The figures presented are not comprehensive, given extreme secrecy and lack of transparency in the Uyghur Region, and very likely represent a small fraction of the total number of religious figures detained. Nonetheless, the data provides an alarming indication of the scale and severity of the Chinese government’s persecution of religious figures since 2014. Reference: China Detaining and Sentencing Uyghur Imams en Masse, UHRP Reveals
Deportations to China and Transnational Repression of Uyghurs; “surveillance technology bill of rights for religious freedom”
UHRP has reported extensively on the Chinese government’s extraordinary effort to hunt down and persecute Uyghurs, Kazakhs, and other Turkic peoples from East Turkistan, in a series of 9 recent reports and briefings published since 2017. Reference: Transnational Repression of Uyghurs (collected reports and policy recommendations (uhrp.org).
The research documents:
- 1,546 cases of serious human rights violations experienced by Uyghurs outside China from 1997 through March 2021, offering critical insight into the scope and evolution of the Chinese government’s longstanding efforts to control and repress Uyghurs across sovereign borders.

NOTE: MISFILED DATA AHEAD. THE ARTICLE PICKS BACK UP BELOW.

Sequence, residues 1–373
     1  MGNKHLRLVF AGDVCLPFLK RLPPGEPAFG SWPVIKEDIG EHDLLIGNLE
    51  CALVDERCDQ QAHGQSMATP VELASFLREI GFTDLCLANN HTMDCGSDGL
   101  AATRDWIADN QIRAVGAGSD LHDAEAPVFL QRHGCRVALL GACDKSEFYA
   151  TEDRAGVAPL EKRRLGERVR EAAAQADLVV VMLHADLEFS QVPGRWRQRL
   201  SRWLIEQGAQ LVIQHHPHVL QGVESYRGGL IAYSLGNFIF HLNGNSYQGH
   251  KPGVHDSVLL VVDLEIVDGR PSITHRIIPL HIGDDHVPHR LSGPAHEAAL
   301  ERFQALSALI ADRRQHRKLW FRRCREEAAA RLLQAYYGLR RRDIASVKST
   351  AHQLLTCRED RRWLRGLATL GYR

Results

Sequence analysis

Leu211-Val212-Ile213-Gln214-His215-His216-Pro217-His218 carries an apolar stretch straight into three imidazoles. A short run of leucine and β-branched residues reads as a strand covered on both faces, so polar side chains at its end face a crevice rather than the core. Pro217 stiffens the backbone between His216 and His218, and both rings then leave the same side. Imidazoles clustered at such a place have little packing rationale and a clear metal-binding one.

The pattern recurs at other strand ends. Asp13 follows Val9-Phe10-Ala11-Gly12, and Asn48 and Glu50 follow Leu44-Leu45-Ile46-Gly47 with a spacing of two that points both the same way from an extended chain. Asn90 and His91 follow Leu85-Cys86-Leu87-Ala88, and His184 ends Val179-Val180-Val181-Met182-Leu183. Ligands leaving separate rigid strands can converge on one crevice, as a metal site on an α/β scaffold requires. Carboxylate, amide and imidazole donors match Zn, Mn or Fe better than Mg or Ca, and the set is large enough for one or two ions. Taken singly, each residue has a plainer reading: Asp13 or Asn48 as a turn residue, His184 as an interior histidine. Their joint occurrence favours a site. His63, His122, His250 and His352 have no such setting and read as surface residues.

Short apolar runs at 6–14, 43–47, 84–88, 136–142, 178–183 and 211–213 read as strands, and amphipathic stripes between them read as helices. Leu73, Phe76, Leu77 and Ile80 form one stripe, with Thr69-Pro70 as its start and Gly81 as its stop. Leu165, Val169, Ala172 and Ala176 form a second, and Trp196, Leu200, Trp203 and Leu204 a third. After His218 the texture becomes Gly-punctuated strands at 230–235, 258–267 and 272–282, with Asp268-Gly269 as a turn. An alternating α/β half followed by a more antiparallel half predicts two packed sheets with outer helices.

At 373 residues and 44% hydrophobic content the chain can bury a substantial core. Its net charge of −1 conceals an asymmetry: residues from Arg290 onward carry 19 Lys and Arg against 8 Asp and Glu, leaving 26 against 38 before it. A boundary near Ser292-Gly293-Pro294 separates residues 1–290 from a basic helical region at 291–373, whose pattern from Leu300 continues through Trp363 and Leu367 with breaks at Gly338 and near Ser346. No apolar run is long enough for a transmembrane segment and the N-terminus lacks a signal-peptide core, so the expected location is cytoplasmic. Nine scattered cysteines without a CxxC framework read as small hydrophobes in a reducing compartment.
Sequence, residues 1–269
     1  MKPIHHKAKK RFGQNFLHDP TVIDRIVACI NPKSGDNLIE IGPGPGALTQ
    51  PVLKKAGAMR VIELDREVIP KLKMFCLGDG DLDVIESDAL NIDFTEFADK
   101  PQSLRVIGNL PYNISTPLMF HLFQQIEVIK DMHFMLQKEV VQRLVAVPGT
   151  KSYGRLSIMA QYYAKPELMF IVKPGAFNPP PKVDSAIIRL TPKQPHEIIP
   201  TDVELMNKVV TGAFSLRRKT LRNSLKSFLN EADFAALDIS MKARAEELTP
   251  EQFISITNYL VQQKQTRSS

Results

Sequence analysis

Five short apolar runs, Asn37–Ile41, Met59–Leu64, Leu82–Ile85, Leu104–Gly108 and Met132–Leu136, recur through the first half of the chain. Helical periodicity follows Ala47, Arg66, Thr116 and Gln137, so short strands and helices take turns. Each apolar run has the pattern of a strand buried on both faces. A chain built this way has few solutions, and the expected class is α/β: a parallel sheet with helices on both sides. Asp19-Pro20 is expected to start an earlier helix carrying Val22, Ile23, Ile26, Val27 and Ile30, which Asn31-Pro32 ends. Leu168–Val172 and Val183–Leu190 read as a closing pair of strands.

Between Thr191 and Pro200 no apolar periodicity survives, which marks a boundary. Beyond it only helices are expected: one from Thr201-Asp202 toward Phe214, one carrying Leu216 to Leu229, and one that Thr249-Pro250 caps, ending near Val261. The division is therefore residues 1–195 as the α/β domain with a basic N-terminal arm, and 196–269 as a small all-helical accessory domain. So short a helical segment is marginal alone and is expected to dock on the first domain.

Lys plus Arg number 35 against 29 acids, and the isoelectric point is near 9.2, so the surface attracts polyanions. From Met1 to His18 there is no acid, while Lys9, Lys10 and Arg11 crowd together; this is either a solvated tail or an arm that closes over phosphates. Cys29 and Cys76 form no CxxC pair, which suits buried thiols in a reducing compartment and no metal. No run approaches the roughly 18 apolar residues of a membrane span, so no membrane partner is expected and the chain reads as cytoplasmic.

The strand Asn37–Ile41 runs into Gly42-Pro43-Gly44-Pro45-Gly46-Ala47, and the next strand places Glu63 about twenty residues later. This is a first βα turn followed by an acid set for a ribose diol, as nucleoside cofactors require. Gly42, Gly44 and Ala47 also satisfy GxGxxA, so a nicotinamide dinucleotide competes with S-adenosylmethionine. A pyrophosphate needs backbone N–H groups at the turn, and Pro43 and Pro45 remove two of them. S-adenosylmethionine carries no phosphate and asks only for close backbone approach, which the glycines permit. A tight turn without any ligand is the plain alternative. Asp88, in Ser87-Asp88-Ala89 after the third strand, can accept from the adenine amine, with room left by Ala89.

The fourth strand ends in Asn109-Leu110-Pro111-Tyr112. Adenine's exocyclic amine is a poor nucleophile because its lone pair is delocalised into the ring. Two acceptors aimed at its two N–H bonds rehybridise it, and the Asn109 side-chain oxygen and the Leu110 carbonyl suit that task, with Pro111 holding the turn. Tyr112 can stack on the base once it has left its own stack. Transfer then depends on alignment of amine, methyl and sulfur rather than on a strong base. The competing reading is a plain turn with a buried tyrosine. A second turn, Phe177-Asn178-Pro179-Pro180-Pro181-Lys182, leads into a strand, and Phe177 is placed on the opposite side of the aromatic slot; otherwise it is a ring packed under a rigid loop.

- 292 known cases of Uyghurs deported to China from Arab states alone
- In a UHRP survey of diaspora Uyghurs living in democratic countries in 2021, 74 percent reported digital risks, threats, or forms of online harassment. Only 44 percent felt that their host governments take the intimidation seriously, and only 21 percent felt that the host governments would fix these issues.
On our own soil, UHRP’s 2019 report, “Repression Across Borders: The CCP’s Illegal Harassment and Coercion of Uyghur Americans,” documents how the Chinese government routinely carries out surveillance, threats and coercion on American soil to control the speech and actions of Uyghur Americans. The Chinese government’s program of transnational repression is an ambitious and well-resourced campaign affecting all Uyghur Americans, especially the many brave journalists, activists, and students engaged in raising awareness about the crisis of repression in their homeland.
The threats come by text, chat apps, voicemail, email, and messages delivered by third parties; some members of the community report receiving such messages on a weekly or even a near-daily basis. Non-compliance could result in family members being taken to a concentration camp.
These communications illustrate the way Chinese agents apply pressure against Uyghurs abroad through their family members at home, adding to the extreme emotional distress of separated Uyghur families. That so many speak out, despite the dire risks, demonstrates the resilience of Uyghurs in the United States.